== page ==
Scan­dal that rocked ger­many

MARK GOD­FREY says the on­go­ing de­bate about match-fix­ing in Eng­land should re­mem­ber the Sev­en­ties

Late Tackle Football Magazine - - History -


The great and the good as­sem­bled on an oth­er­wise un­re­mark­able Sun­day af­ter­noon, the sea­son barely over and done with; ri­val­ries put aside for the sum­mer. They ex­pected to hear ‘Happy Birth­day’ but got some­thing a lot more shock­ing to ac­com­pany their cof­fee and cakes.

June 6th, 1971; the day af­ter the fi­nal game of the eighth Bun­desliga cam­paign and some­where in the heart of Hessen, a 50th birth­day gar­den party took an un­ex­pected and sin­is­ter twist. Green­gro­cer and Kick­ers Of­fen­bach pres­i­dent, Horst-Gre­go­rio Canel­las, as­sem­bled a guest list of celebri­ties, re­porters and Fuss­ball lu­mi­nar­ies in­clud­ing the Ger­man na­tional coach, Hel­mut Schön, to hear his rev­e­la­tions.

For the pre­vi­ous two months, Canel­las had sus­pected that all wasn’t as it seemed in Ger­many’s top flight. His Kick­ers side, who had beaten 1.FC Köln to be­come DFB Pokal win­ners and been pro­moted to the top di­vi­sion just 12 months ear­lier, had been rel­e­gated straight back to the Re­gion­al­liga by virtue of one soli­tary goal.

Yet, hav­ing en­joyed a rel­a­tively pro­duc­tive Spring pe­riod, record­ing four wins, four draws and four de­feats, they found them­selves un­able to pull away from the two rel­e­ga­tion places, mostly on ac­count of the form of the clubs who were also in dan­ger of the same predica­ment.

Far from it be­ing the prod­uct of an over­ac­tive imag­i­na­tion or sour grapes, Canel­las’ fears were proved to be well­founded, and now, as his party guests feasted on the torten und kuchen, his mo­ment had ar­rived. An au­dio tape was played to the stunned gath­er­ing. Phone calls, voices, pay­ments. Fraud. Fa­mous names were at the heart of the de­cep­tion. In May, 1971, Köln’s in­ter­na­tional goal­keeper, Man­fred Man­glitz, was recorded of­fer­ing to “let some things through” in a game against Of­fen­bach’s rel­e­ga­tion-threat­ened ri­vals, Rot-Weiss Essen, in re­turn for 25,000 Deutschmarks.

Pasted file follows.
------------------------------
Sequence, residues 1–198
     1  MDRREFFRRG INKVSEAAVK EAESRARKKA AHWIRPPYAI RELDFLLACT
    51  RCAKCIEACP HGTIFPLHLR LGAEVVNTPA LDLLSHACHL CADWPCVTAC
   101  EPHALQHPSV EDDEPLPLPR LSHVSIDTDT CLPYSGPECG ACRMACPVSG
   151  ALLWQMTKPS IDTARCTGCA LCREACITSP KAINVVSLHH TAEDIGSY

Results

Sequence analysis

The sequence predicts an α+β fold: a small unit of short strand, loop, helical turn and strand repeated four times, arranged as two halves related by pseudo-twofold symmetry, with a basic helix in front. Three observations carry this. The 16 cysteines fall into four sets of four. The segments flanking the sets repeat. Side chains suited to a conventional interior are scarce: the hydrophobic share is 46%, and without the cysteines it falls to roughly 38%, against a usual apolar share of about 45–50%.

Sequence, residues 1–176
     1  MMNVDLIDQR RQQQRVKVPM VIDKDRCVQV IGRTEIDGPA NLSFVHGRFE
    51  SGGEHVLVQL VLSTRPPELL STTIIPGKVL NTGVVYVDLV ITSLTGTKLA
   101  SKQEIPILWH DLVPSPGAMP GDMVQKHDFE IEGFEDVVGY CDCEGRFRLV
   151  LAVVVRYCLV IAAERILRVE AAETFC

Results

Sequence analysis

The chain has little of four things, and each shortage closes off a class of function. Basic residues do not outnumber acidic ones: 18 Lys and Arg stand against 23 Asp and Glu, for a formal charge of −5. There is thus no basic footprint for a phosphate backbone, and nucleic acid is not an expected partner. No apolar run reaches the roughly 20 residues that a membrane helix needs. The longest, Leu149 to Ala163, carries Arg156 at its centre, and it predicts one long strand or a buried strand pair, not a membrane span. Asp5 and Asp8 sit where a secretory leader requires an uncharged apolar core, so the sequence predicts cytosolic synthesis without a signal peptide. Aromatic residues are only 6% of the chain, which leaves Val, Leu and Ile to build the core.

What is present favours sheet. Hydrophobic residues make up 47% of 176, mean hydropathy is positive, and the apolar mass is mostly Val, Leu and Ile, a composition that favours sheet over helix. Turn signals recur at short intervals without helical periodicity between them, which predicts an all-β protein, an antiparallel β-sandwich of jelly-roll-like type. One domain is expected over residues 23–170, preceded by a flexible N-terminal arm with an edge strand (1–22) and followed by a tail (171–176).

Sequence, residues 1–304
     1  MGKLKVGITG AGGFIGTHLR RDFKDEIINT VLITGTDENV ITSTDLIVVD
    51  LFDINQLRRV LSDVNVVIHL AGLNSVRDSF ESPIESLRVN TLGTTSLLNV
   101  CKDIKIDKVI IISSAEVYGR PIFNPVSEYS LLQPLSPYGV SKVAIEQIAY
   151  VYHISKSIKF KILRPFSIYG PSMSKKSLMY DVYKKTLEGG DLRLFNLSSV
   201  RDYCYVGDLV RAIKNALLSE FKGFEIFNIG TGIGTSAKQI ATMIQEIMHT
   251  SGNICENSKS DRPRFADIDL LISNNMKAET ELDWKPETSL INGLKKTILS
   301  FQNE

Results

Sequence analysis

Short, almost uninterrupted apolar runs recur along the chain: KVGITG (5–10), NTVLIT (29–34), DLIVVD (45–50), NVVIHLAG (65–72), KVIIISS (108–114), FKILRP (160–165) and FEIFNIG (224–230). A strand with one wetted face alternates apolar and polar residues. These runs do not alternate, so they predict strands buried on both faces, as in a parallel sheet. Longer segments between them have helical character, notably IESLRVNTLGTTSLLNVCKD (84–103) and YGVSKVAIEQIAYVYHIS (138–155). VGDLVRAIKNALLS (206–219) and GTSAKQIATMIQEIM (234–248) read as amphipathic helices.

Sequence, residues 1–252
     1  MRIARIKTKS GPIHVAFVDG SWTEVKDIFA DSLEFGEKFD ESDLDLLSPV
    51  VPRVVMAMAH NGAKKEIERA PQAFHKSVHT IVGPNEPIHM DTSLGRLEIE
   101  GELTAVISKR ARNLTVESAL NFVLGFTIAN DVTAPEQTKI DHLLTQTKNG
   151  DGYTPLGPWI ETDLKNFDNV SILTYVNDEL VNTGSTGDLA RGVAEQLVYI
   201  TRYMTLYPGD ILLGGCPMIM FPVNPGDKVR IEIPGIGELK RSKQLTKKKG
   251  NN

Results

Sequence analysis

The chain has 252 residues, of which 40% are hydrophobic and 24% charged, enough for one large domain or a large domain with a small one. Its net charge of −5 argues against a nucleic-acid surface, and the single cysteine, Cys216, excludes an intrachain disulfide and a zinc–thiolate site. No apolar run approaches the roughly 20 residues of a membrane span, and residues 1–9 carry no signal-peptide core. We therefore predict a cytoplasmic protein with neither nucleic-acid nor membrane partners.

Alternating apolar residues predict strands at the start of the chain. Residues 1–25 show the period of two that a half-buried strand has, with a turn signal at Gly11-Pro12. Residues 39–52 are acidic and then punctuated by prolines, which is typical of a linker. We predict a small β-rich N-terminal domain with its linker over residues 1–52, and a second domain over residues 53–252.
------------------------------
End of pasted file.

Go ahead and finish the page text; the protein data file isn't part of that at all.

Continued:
Canel­las’ cu­rios­ity at the scale of the cor­rup­tion got the bet­ter of him. He tried to en­snare more con­spir­a­tors on tape. Another Na­tionalelf player, Bernd Patzke, and his Hertha Ber­lin team mate, Tasso Wild, were se­cretly taped dis­cussing a 140,000 Deutschmarks bribe from Canel­las him­self to guar­an­tee a win over Ar­minia Biele­feld, who them­selves were fight­ing against the drop. Patzke con­fided that he had al­ready been of­fered 220,000 Marks to throw the same game by some­one rep­re­sent­ing Biele­feld.

Th­ese calls were just the tip of the ice- berg in what was the big­gest scan­dal ever to hit Ger­man foot­ball. On that in­cred­i­ble day at the house of the Kick­ers Of­fen­bach pres­i­dent, the whole sor­did af­fair was blown wide open. For weeks to fol­low there was only one story on the front and back of the Zeitun­gen, and by the end of the in­ves­ti­ga­tions, it was dis­cov­ered that 18 games which had di­rectly af­fected the rel­e­ga­tion bat­tle of the 1970/71 sea­son had been fixed in one way or another and that an in­cred­i­ble 1mil­lion Deutschmarks had changed hands in the process.

Canel­las him­self, far from be­ing de­clared a hero for ex­pos­ing the cheats, was banned from hav­ing any in­volve­ment in Ger­man foot­ball as a re­sult of his part in the af­fair – his crime was to pre­tend to of­fer and ac­cept bribes in or­der to col­lect ev­i­dence of the fraud – all with the co-op­er­a­tion of the DFB. He had ac­tu­ally re­signed his po­si­tion as Kick­ers’

Klaus Fis­cher scores in 1982 World Cup semi-fi­nal

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